It’s been nine years since Florence Welch and her varied band of musicians burst into the mainstream with their orchestral indie pop and grew to extreme levels of fame. Since then, the indie pop phenomenon has released four well received albums and has developed a reputation for emotional, bombastic live shows.
As an artist with a fairly traditional album cycle approach in an era of constant Spotify releases and attempts at social media virality, Welch’s work veers in and out of the spotlight every couple of years so it’s easy to forget just how impactful Florence And The Machine’s back catalogue is until she’s on stage flying from anthem to anthem. Even though they receive the most muted crowd response of the set, new cuts from the recent album High As Hope are the most expansive and impressive. Album opener, ‘June’ starts the show on a tender and emotional note whilst single ‘Hunger’ showcase’s Welch’s vocals and their strongest. These tracks maybe slightly more stripped-back than previous releases but they manage to fill every corner of the arena with a delicate sadness.
Welch’s live show is constantly at odds with itself in an exhilarating manner. Initially, she glides into a moving speech about the power of love and imploring the audience to hug each other whereas moments later she’s physically grabbing the crowd with an urgency and intensity. Her admissions of shyness and stories of being drunk in her early teens are endearing and true to form for an artist who ballet dances around the stage whilst belting out numbers about substance abuse, broken relationships and so many more topics that are so rarely spoken about by women in mainstream music.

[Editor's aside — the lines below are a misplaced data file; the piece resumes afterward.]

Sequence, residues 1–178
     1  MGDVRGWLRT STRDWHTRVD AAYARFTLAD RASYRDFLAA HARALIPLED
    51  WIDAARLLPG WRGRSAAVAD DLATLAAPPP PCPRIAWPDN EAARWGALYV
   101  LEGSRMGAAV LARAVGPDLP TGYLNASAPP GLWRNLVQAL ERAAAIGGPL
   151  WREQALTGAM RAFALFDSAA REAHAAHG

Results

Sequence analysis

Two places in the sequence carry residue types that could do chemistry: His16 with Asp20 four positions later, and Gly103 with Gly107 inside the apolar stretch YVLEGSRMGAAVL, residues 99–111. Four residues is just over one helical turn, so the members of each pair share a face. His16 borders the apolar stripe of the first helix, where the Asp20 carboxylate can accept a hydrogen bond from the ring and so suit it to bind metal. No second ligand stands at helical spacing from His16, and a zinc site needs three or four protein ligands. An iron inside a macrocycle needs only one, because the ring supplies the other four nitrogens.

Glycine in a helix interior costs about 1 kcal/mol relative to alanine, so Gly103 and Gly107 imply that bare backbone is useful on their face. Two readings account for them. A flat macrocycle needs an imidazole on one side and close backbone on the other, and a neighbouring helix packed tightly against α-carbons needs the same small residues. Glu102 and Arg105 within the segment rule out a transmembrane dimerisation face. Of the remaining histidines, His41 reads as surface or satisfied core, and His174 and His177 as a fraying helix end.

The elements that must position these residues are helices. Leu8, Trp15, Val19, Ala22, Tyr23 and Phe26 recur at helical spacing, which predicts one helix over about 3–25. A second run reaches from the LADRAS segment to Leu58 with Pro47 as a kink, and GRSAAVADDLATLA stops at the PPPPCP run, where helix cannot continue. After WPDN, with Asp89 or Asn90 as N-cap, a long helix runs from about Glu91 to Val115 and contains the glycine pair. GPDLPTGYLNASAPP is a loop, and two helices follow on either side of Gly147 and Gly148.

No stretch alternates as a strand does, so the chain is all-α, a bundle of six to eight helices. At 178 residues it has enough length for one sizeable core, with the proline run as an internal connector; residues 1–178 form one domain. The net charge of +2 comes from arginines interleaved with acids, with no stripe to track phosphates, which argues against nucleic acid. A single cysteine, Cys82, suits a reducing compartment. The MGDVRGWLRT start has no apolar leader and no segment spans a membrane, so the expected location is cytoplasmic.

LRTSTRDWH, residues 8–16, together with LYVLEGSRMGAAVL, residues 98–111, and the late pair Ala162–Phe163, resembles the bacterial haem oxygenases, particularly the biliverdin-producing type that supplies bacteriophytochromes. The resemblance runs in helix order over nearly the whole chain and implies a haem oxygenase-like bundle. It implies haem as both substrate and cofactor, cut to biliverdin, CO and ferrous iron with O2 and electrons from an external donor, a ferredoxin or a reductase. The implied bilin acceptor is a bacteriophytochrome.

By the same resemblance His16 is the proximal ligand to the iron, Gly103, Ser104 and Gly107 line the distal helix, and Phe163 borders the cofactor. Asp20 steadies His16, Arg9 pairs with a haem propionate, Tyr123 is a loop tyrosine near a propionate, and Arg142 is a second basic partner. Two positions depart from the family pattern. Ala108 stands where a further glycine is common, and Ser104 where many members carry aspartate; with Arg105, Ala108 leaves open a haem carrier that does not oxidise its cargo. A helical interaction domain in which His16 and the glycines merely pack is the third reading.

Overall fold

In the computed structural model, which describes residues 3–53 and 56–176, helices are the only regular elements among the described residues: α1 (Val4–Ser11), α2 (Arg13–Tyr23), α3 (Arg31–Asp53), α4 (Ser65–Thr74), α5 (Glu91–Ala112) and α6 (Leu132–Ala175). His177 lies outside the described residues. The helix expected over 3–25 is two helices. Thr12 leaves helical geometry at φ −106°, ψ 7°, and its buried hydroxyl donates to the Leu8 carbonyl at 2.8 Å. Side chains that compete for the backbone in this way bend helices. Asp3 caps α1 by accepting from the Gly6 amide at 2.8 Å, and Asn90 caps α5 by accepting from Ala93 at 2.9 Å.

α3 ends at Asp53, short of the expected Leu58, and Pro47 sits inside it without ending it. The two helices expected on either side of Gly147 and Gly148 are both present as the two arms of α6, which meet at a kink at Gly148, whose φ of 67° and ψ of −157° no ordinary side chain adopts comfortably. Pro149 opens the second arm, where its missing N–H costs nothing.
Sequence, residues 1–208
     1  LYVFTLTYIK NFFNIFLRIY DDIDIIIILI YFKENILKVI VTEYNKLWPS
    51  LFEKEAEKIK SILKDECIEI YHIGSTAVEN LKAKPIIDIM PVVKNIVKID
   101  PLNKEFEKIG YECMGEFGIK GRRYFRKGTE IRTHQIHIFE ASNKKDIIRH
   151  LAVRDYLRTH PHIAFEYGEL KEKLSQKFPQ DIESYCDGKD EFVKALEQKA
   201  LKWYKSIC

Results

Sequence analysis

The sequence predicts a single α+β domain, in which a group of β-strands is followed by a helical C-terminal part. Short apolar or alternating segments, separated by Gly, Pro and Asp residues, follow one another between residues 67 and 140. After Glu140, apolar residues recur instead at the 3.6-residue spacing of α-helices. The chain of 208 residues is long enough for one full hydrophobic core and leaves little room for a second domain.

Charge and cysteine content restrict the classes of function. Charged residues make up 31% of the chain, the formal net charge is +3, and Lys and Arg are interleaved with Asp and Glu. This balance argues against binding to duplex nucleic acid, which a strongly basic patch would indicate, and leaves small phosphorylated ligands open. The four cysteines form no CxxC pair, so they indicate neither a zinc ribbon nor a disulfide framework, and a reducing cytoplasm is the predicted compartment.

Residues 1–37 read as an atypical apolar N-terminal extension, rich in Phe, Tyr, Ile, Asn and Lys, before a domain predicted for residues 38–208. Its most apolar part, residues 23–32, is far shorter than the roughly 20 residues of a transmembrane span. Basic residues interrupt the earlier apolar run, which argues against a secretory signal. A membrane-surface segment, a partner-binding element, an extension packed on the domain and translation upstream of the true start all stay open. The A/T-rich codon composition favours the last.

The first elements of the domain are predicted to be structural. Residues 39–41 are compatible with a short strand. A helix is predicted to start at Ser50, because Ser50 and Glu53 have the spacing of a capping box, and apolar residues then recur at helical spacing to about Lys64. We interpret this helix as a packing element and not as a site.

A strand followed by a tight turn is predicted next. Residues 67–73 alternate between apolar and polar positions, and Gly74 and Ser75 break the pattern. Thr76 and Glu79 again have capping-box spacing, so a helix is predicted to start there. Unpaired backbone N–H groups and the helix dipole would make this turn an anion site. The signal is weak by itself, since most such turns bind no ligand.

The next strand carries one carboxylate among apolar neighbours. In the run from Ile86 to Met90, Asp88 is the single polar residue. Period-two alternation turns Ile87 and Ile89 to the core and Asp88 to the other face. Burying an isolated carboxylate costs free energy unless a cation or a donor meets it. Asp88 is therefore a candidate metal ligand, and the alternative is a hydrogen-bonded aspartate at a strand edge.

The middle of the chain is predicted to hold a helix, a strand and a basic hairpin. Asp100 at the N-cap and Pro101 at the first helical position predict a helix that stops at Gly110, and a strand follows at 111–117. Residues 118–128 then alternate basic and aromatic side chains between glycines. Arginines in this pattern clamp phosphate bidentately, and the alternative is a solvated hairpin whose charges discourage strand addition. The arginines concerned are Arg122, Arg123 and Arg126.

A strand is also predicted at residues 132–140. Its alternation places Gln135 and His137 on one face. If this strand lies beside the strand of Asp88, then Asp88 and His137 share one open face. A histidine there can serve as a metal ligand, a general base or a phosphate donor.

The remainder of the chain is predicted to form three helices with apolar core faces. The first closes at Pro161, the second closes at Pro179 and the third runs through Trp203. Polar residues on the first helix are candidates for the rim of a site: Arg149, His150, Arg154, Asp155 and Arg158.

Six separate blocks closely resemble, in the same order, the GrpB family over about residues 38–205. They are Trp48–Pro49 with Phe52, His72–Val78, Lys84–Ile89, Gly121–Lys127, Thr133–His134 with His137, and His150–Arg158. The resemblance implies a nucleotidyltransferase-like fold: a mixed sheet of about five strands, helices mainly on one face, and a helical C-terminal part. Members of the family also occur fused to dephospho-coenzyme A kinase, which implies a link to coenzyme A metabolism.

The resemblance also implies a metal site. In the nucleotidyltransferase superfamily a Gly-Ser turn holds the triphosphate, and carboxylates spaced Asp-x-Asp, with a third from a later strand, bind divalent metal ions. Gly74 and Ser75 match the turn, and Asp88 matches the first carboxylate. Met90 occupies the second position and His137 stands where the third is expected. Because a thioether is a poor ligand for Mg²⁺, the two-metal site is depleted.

The show reaches numerous euphoric peaks with ‘Patricia’s’ refrain of “I believe her” being chanted dutifully around the crowd in a time where that phrase has never been more relevant. ‘What Kind Of Man’ adds a rocking element to the show and is performed with a powerful intensity that concludes with Welch breaking free into the audience and running around embracing her crowd (all the while not missing a note).
Without being hyperbolic, Florence And The Machine is one of the greatest live artists in the world today. Time after time, her live shows are breathtaking and inspiring. Despite the size and capacity of a venue like the 3Arena, she manages to create an intimate experience with her boundless energy and personally engaging lyricism. At the end of the show, the crowd go away feeling like they were truly part of something special – a little view into the gloriously emotive world of Florence Welch. Kelly Doherty
Photos by Moira Reilly